1 "It isn't a sudden death that Israel faces. It's a slow death that will take years. The global economic crisis forced the government to inject billions upon billions of shekels into the big banks, exposing the flaws in economic policy over the last decade. Economists at the international rating firm Moody's say that from 2004 to 2008 the Israeli Finance Ministry succumbed to intense political pressure and increased the national debt to 100% of GDP, instead of taking advantage of the boom in the global economy to reduce the debt.
"The fact that the banks control most of the provident and mutual funds led to massive withdrawals from these vehicles after the collapse of Lehman Brothers, which forced the treasury to inject billions upon billions of shekels to stabilize the financial system.
"The ensuing credit crunch led to an unprecedented wave of bankruptcies. Tax collection imploded.
"Now Israel is exactly where much of the West is, with a giant budget deficit, a national debt climbing toward 120% of GDP, and an unprecedented jump in the interest that foreign investors demand on Israeli government bonds. Now factor in the regional instability and it becomes clear why Israel suffered so much more than other countries from the global economic crisis."
Did you feel sick reading that? Take it easy. It isn't a real quote. Indeed, "slow death" did appear in a Moody's report last week, but it wasn't about Israel. The report was about two countries that until fairly recently had been considered to be in Israel's peer group: Greece and Portugal.
Israel's story is actually the complete opposite. Following the financial and broad economic crises in 2001 and 2002, Israel changed its economic policy beyond recognition. The government maintained low budget deficits, reduced the debt-to-GDP ratio to its lowest point ever (resisting powerful forces) and instituted a sweeping reform that extracted the provident and mutual funds from the banks.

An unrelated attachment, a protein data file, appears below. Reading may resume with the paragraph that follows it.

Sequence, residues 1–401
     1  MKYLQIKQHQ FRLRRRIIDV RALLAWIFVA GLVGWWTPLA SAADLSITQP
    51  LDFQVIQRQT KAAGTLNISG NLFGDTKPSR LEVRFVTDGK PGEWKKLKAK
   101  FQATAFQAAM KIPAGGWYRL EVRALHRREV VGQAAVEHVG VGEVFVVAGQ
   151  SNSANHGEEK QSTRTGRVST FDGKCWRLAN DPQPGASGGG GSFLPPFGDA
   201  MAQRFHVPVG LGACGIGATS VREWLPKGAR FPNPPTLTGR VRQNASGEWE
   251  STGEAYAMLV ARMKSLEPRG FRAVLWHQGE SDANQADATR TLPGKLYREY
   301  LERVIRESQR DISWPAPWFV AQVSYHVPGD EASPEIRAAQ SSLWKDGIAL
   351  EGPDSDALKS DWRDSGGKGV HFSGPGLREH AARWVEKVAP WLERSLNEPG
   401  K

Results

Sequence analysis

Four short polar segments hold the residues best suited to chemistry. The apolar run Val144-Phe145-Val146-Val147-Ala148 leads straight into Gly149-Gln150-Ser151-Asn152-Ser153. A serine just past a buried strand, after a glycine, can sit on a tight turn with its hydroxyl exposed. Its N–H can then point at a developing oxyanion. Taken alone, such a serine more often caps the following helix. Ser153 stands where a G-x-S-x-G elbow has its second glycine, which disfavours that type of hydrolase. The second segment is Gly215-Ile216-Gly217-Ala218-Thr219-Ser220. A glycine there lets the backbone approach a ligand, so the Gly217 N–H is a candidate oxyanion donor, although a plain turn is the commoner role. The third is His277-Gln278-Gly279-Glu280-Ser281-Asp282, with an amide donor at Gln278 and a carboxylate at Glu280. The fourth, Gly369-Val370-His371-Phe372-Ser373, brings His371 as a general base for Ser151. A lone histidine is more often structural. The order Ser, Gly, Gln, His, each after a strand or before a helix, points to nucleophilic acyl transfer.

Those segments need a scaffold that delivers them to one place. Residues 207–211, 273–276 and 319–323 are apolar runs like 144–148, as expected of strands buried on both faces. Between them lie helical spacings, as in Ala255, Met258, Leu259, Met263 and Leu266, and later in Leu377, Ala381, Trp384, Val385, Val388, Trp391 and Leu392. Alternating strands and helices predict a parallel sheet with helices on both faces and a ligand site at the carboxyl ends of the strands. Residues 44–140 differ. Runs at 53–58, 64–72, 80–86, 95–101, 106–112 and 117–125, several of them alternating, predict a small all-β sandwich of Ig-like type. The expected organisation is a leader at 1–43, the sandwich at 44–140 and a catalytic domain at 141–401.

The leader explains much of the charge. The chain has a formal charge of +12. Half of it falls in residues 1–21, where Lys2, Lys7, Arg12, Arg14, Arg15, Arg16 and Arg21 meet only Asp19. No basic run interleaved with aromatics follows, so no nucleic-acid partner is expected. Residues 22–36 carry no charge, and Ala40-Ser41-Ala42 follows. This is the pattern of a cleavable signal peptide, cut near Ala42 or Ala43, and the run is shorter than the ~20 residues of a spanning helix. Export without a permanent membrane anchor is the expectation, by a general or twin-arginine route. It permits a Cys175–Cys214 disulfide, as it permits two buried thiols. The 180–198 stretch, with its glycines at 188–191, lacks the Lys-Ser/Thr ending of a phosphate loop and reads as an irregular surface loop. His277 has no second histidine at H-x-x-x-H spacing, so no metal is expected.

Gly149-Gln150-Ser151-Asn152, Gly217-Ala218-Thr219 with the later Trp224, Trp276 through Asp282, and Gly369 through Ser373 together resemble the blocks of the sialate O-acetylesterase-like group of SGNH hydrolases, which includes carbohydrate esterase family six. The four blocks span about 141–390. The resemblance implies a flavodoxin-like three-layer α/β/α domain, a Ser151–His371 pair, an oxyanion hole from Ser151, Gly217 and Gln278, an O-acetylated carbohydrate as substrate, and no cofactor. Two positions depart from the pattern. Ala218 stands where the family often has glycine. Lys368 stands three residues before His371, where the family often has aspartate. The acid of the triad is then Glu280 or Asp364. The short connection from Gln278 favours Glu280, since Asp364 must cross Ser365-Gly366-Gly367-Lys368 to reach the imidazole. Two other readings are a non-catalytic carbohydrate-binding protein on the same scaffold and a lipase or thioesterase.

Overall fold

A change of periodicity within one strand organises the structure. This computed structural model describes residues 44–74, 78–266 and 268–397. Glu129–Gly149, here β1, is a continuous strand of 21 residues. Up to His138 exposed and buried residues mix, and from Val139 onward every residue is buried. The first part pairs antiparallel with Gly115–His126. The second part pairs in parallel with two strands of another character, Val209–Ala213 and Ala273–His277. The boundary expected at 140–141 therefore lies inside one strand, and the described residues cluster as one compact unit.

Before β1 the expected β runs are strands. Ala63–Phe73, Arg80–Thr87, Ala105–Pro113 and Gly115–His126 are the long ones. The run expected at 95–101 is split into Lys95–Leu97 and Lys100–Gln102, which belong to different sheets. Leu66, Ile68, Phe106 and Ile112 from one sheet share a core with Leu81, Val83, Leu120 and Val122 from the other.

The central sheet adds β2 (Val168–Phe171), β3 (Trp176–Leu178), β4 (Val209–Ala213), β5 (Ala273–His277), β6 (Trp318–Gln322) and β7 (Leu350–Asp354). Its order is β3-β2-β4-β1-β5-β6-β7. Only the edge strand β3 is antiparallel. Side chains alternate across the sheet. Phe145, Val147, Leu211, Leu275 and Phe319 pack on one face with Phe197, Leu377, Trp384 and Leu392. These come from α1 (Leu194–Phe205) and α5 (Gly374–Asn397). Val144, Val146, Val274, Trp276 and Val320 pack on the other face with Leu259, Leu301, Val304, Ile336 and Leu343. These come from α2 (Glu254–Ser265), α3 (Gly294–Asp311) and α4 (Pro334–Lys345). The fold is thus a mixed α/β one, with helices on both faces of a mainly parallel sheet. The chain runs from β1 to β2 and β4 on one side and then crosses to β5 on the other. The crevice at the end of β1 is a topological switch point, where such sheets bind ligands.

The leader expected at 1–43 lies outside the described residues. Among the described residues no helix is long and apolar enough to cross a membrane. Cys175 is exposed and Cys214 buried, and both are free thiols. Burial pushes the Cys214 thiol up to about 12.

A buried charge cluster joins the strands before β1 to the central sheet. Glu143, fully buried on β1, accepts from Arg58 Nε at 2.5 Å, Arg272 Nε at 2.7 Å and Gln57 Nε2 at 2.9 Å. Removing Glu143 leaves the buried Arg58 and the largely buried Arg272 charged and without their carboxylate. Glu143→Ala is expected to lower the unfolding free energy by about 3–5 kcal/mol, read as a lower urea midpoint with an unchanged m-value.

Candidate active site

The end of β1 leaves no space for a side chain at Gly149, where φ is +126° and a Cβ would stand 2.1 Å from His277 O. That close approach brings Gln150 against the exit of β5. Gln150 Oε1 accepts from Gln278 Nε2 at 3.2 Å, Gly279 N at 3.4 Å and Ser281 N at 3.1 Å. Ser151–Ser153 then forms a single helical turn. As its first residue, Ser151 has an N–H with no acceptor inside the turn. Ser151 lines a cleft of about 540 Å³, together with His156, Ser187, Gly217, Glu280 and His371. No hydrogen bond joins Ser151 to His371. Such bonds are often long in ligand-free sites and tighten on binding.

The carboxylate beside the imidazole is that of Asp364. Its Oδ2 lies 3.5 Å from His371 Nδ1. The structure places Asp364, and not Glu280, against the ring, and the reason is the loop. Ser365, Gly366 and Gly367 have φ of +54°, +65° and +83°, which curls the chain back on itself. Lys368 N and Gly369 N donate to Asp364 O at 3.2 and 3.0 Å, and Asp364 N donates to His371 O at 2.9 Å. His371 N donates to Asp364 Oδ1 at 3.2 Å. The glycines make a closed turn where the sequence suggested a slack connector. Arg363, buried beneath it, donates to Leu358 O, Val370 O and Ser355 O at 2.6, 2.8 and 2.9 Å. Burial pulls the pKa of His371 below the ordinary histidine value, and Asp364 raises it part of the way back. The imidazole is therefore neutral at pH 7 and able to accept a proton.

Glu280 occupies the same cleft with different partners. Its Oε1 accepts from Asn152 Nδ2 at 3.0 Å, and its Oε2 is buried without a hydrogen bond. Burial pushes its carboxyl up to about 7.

The result is that even though Israel is a small, export-oriented country, it weathered the global financial storm relatively well and is prepared to resume growth this year.
Will our leaders leverage the economic-policy successes of recent years to treat Israel's chronic economic diseases - the deterioration of education, the absence of proper governance in the public sector, low productivity at the publicly owned monopolies, the concentration of power in the business sector, or the way the tycoons and big unions have taken over the public agenda?
If they don't, then the very nightmare scenario with which we began will come true, whether in five years or 10. Israel missed its chance, analysts will say. "Competition declined, education collapsed, productivity diminished. It has lost the global race. Its great achievements of the last 60 years have gone down the drain."
2 America, Europe and China
Meanwhile, on the other side of the globe, America has been getting bad press. Maybe because it has a strong press, or because it's the world's biggest economy. Maybe it's because the world's second-biggest economy remains in, remains split in many ways, 17 years after its great unification.